While making supper tonight (Spanish rice, tuna and lettuce salad), there came a rapping at the door. Our neighbour. “Is Travis home?” he inquired. And I knew what was coming.
The small shed. What are our plans for it, he wanted to know. “I’m blogging about it! It’s my blog project!” I wanted to cry, but somehow bit my tongue.
You see, though the shed and its contents are ours, (four gaffs and 16 mismatched articles of footwear included), the shed itself straddles our land and the neighbours’. Which was never a problem as long as the neighbours were all family, but we being imports from Town and Away, all bets are off.
The neighbourly representative this evening was polite. He plans to tear down the rotting shed in his garden, and thought he might replace it with a more modern variety on the plot our small shed now occupies (albeit entirely on his property). He wanted to talk to Travis about our plans for the shed, but I quickly informed him I am the woodshed authority in these parts. (I have a blog about them, which makes me an Internet authority, and that’s good enough for me). (Also, Travis wasn’t home).
We know the shed rests partially on his land, but there really is no way we can do without the small shed this coming winter. The larger shed is practically in ruins, while the small shed has a straight beam and walls intact. We do have plans for the large shed – plans to repair or even replace the rotten walls and floor besides. But until that project gets underway, the small one is essential to the well-being of our woodpile. (And anyone who heats exclusively with wood in Newfoundland knows just how important your woodpile well-being is).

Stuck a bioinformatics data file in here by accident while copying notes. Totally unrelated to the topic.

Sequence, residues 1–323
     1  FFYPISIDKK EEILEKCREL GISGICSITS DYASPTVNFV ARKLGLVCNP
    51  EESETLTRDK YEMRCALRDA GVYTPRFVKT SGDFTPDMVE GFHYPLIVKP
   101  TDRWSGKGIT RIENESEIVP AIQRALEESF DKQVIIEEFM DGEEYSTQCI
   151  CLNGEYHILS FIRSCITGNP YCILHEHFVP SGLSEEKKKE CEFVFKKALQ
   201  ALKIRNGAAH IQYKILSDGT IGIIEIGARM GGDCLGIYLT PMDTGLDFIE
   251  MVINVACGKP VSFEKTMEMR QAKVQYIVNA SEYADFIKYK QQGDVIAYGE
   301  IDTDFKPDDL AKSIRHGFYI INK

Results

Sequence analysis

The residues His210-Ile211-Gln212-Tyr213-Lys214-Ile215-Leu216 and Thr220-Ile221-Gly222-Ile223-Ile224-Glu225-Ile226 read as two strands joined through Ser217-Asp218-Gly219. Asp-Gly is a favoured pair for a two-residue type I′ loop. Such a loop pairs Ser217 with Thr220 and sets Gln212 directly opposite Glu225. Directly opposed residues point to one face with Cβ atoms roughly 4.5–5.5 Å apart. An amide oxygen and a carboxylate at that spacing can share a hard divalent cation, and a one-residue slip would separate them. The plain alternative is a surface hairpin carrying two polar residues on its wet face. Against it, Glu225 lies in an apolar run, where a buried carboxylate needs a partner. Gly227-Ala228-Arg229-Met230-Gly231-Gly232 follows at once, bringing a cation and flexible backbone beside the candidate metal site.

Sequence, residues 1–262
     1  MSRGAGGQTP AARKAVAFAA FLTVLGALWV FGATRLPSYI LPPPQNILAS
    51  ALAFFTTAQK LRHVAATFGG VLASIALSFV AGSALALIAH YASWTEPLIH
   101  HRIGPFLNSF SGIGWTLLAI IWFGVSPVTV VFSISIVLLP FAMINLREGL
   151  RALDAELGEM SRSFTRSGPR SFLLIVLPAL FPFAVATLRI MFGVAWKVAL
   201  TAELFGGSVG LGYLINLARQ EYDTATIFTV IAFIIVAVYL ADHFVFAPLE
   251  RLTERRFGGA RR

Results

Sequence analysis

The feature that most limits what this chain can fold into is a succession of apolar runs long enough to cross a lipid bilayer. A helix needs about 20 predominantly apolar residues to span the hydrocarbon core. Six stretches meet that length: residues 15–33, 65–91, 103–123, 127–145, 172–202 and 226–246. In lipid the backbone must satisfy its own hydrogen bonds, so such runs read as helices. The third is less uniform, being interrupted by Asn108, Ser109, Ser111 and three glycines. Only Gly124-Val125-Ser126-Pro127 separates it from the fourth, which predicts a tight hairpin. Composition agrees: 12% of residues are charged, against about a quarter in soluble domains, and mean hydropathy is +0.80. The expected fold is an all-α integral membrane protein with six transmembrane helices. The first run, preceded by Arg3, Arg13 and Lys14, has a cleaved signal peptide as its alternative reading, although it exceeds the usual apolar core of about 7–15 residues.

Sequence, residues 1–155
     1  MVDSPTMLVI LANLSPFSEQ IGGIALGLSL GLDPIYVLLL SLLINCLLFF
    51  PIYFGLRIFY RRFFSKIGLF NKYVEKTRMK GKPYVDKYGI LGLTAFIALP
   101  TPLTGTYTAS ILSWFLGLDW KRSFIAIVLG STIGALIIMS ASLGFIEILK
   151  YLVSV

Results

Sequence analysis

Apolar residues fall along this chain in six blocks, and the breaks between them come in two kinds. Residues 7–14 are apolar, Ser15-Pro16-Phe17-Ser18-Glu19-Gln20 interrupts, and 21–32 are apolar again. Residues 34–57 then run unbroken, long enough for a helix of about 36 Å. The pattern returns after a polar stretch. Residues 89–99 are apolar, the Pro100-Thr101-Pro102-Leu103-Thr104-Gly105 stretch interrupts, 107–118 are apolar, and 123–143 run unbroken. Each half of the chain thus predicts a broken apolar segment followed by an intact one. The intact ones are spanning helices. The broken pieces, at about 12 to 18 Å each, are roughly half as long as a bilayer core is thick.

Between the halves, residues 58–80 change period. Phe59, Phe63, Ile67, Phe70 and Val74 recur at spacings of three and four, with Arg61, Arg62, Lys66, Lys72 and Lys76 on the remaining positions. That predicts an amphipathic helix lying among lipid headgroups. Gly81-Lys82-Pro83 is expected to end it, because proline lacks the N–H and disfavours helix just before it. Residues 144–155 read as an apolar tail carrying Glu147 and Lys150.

And so. The small shed remains standing for another day, and hopefully another winter. Hooray! But good fences make good neighbours, and I had better not get too attached to the small shed. I know its days are numbered.
My computer is sick.
This is not a good way to start a blog.
It wasn’t a good way to start a weekend, either. I’ve been now eight days sans courriel regulaire. Cela m’en nerve. En tout cas, c’est pas la fin du monde. I’m armed with Travis’ laptop and a wal-mart CD of photos to share.
Let’s start with an interior shot:
Rafters shot 1, small shed
Rafters shot 2, small shed
See the rolls of tar paper? The broken lobster pot? The random bits of wire, frayed rope, rotten cloth and unidentified metal pieces? It’s going to be a fun tearing all that stuff down.
Sadly, I don’t have a ‘before’ shot of either whole shed interior, because I lacked the foresight to take one. (The same missing foresight that would have anticipated the nasty virus then fatal harddrive error that has sent my own laptop to the computer grave. Flowers and best wishes may be sent to firstname.lastname@example.org).
In other shed-related news, I’m busy pretending I did not see a largish rodent skitter between the old bed frame and the woodpile last week. It’s not going so well. It was a lot easier to pretend rodents out of existence when I hadn’t, in fact, seen one in the shed.
This is our woodshed:
The small shed across the lane
This is the other woodshed:
The big(ger) shed behind the house
We know they belong to us because when we bought the house, these two sheds (among a dozen or so within a stone’s throw from the front door) were painted using the same colour as the house. See?:
Matching dark green trim identifies ownership
For the first three months, we gave no thought to the sheds and their contents. We were focused on the interior property instead, tearing down walls, moving staircases and chimneys and jacking up corners. As renovations progressed, the sheds became repositories for doors off their hinges, extraneous drywall and idle tools. When we moved in in early April, we relied on the wood from those sheds to keep the stove burning, all while piling extra boxes, spare furniture and stuff wherever we could.
But now it’s reckoning time. Though it’s 25 degrees Centigrade today, winter is not far off. We have a couple of seasoned wood piles ready to be stowed. We’ve got to Deal with the sheds so we can get the wood out of the weather and call ourselves ready for winter.
The sheds have been around as long as the house, if not longer – if the house itself was any indication, the previous owners could respectfully be called packrats. I only hope to find a few treasures among the trash.